Sunday, June 13, 2010
One of the best foods I ate while in Tokyo was at a French restaurant. You’ll be surprised how good some of non-Japanese foods are there in Tokyo. Ok, maybe except Mexican food, a cuisine that’s poorly represented in Japan.
Le petit restaurant epi, located in Daikanyama, is a tiny bistro owned by Chef Tomonori Suzuki. Yes, he is indeed 100% Japanese. But evidently he’s been trained at a star-rated restaurant in Paris and his place is known as a hidden gem by the locals.
What I really liked about this place was the cozy atmosphere accompanied by the cutest decorations and hand-written menu on a chalkboard hung from the ceiling. We chose a shared course meal for four, which consisted of 7 dishes, yet it was barely over $40 per person. Each portion is small, but by the time the 5th, 6th dish arrived, our overfilled stomachs started questioning their definition of “small.” It was extremely dark inside the restaurant and the small candle light on the table was the only thing to help me get these pictures taken. So I’m only going to show you the ones that you can sorta identify the food.
Another night, we went to a galette restaurant in Omotesando (near Harajuku). La Fee Delice, is yet again, tiny, but crazy adorable. They specialize in Breton galettes (crepe made with buckwheat flour). When we were there, it was a quiet night with the drizzling of rain. A French family was having dinner next to us. We sipped delicious cider and slowly savored our galettes.
Next stop, Le Petite Mec Tokyo, located on the first floor of the main Marui department store in Shinjuku. As it was recommended by my French friend, who’s currently living in Tokyo, it was the real stuff. I tried Kougin Amann (again from Bretagne) for the first time. It’s like a light, hollow croissant or puff pastry. They also had some miniature sandwiches that are literally bite-sized, sold for approx. $2 each.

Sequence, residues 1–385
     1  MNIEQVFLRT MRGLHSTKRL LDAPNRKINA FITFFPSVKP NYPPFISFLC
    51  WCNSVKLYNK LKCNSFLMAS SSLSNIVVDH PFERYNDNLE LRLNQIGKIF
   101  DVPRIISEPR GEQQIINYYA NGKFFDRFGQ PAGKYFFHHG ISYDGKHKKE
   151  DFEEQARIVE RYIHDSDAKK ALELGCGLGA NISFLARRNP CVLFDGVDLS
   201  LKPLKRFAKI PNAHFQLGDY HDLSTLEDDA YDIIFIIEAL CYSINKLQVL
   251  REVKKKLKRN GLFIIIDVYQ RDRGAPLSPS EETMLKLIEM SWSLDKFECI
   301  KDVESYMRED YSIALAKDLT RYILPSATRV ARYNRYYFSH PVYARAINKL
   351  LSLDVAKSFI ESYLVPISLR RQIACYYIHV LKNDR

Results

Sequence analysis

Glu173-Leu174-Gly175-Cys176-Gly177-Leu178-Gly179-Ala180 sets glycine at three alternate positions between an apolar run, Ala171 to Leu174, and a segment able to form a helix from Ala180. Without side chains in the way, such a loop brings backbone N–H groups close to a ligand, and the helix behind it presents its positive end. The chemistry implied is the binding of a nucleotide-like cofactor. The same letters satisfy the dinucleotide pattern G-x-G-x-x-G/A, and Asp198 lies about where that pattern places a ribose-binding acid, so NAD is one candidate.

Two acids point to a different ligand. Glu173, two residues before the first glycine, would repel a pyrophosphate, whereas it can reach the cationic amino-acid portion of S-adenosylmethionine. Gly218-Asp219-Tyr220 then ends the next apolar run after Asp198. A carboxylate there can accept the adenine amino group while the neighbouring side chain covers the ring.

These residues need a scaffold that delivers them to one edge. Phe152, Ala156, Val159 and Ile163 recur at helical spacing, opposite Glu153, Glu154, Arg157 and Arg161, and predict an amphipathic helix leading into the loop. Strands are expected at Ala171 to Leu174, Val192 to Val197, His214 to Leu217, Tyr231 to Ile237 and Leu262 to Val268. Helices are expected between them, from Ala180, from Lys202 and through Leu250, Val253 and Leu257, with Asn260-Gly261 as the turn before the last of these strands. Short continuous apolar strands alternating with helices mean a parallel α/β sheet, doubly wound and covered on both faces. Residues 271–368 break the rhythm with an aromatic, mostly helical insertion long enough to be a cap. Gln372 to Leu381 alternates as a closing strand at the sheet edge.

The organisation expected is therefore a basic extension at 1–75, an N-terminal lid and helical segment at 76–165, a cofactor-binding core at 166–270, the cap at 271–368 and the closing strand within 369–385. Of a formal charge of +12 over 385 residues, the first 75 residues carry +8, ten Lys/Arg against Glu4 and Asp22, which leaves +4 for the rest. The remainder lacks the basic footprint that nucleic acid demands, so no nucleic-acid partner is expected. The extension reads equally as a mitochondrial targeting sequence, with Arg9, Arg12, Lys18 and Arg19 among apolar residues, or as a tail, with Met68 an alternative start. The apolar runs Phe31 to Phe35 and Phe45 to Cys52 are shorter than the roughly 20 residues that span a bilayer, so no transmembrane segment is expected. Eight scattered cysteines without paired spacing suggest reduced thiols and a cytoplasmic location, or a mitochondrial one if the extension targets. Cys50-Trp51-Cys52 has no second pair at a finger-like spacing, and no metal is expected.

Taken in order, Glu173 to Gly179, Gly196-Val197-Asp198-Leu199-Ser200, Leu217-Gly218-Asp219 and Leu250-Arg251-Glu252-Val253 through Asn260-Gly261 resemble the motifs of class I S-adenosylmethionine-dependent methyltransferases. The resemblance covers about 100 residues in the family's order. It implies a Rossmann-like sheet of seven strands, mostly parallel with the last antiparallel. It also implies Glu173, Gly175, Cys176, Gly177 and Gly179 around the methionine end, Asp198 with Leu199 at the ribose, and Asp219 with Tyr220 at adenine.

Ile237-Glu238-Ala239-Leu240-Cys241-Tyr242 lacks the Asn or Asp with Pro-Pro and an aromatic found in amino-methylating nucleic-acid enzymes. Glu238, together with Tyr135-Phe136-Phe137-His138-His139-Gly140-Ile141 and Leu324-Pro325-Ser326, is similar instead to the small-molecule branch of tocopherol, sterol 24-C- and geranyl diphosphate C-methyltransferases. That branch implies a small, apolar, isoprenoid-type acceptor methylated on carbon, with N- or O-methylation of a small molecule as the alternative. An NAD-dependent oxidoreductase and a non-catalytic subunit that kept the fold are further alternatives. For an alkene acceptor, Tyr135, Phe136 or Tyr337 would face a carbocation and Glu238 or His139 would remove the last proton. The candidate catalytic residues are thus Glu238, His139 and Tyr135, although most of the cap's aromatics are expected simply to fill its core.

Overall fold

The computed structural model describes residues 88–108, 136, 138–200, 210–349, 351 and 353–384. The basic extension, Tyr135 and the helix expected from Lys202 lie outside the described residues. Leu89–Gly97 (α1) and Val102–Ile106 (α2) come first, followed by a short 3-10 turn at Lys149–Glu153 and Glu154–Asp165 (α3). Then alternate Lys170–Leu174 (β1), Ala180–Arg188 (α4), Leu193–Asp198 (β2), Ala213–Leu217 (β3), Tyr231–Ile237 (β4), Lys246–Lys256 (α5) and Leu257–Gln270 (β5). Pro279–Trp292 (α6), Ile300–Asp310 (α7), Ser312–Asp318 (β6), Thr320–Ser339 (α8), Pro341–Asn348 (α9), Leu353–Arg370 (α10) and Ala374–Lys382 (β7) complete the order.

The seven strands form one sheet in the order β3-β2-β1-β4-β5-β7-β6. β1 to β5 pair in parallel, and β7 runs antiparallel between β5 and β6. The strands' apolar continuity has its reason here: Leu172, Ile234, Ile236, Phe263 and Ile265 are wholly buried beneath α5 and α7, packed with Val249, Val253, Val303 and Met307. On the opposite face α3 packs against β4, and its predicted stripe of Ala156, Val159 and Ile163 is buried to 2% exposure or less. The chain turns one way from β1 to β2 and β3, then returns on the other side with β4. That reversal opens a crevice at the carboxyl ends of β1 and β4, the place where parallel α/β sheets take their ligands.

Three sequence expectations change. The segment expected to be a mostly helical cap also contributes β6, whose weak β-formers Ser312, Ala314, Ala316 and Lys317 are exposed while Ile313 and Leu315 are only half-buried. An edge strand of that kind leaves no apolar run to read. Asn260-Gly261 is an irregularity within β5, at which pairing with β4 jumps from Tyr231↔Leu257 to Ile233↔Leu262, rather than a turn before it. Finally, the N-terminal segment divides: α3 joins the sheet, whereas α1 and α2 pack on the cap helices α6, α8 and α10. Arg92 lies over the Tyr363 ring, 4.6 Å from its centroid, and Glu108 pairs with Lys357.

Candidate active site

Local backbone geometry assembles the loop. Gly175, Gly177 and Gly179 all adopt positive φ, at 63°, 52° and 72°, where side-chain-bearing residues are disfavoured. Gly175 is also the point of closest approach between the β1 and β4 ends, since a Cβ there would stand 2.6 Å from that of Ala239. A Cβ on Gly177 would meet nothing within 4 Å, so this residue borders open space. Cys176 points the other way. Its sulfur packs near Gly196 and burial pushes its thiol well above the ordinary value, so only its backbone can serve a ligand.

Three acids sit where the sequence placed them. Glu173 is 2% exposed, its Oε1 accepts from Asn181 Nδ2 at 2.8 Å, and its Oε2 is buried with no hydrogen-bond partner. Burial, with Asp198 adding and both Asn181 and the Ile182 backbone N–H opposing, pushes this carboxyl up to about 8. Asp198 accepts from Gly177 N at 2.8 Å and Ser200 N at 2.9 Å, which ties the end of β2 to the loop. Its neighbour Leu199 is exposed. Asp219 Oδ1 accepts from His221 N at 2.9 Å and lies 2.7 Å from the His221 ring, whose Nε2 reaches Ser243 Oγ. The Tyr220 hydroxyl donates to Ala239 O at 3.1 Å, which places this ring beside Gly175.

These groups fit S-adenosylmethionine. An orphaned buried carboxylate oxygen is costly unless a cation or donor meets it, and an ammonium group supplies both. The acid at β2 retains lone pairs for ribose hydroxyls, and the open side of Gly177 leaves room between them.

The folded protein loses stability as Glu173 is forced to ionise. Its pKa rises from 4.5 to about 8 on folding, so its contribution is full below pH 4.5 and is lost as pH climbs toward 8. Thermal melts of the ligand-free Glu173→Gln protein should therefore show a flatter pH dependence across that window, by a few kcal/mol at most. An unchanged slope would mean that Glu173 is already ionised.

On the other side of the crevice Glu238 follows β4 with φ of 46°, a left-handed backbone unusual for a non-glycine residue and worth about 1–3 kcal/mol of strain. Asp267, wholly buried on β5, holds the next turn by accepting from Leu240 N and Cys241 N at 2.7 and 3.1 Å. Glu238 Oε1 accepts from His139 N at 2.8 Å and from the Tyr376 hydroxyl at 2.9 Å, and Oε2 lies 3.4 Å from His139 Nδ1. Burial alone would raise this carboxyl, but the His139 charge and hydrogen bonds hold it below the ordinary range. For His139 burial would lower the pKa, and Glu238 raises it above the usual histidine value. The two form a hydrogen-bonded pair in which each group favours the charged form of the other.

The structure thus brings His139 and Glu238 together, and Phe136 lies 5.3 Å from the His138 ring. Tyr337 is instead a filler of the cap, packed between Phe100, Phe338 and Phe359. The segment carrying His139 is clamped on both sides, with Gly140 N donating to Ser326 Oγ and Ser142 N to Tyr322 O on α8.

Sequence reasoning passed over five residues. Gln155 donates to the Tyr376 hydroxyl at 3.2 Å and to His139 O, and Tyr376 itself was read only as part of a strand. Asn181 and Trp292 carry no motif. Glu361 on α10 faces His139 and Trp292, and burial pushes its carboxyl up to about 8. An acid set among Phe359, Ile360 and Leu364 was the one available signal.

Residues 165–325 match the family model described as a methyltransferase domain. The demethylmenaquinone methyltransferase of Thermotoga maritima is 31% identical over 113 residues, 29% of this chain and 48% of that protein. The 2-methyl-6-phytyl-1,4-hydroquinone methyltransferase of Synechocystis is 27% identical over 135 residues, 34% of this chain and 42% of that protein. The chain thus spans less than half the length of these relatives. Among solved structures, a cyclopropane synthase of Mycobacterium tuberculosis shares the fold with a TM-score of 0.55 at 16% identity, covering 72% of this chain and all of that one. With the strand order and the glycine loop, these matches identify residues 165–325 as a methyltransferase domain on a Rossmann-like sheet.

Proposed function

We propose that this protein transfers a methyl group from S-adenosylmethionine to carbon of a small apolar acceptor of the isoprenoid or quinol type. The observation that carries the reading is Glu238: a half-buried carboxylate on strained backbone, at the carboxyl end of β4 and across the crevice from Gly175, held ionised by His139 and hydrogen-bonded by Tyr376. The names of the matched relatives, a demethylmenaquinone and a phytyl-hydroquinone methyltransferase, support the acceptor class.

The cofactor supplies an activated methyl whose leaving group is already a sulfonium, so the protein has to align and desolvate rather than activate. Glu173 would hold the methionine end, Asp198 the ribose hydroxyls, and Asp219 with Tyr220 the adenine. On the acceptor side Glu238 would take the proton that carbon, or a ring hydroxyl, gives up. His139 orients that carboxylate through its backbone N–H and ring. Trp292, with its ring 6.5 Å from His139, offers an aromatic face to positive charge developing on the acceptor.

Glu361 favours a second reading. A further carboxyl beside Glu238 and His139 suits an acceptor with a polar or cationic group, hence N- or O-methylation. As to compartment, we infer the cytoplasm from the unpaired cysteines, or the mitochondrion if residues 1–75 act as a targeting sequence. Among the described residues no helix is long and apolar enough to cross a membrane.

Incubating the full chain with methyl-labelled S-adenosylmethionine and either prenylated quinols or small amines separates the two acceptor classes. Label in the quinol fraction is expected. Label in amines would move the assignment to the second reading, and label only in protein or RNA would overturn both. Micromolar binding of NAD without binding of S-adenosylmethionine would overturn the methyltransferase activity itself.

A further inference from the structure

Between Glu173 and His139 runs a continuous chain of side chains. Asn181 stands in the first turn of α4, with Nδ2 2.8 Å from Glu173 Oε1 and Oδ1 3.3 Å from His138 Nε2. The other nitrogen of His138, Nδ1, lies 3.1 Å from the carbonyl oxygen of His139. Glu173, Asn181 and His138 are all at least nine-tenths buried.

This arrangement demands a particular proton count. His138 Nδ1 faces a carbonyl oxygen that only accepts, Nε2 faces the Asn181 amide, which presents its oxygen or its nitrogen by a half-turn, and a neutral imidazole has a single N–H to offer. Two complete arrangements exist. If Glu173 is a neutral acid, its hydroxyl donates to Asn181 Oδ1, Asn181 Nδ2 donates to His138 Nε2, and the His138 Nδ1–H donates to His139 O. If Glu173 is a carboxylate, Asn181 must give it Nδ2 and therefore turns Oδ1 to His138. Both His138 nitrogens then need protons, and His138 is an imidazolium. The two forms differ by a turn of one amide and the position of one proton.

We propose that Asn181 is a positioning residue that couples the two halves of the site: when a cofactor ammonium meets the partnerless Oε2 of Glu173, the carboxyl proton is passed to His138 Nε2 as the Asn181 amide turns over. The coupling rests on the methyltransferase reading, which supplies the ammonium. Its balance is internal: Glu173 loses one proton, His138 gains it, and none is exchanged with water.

On our way out, we discovered that Jean Philippe’s chocolate and macarons were sold in Marui department for a limited time only. Yeah, we got trapped into their perfect tactics!
We each bought a couple to sample. From top left to bottom right, citron, framboise, cassis, pistache. Fruit or citrus flavors are my favorites in macarons. So, I chose lemon and raspberry. They were perfect desserts to end the day, satisfying our little sweet cravings after eating savory galettes. Unfortunately Jean Philippe doesn’t have a permanent shop in Tokyo. But that’s not the only choice you’ve got. There are Pierre Hermé, Dalloyau, Ladurée, Les MIGNARDISES and many others that make great macarons.
Le petit restaurant epi
2-10-6 Ebisu Nishi
Shibuya-ku Tokyo [map]
(Turn left from east exit of Daikanyama Station. Le petit restaurant epi will be on your left side after about 5-minute walk.)
Open 11:30-15:00 (last order 14:30), 18:00-24:00 (last order 23:00).
Closed on Tuesdays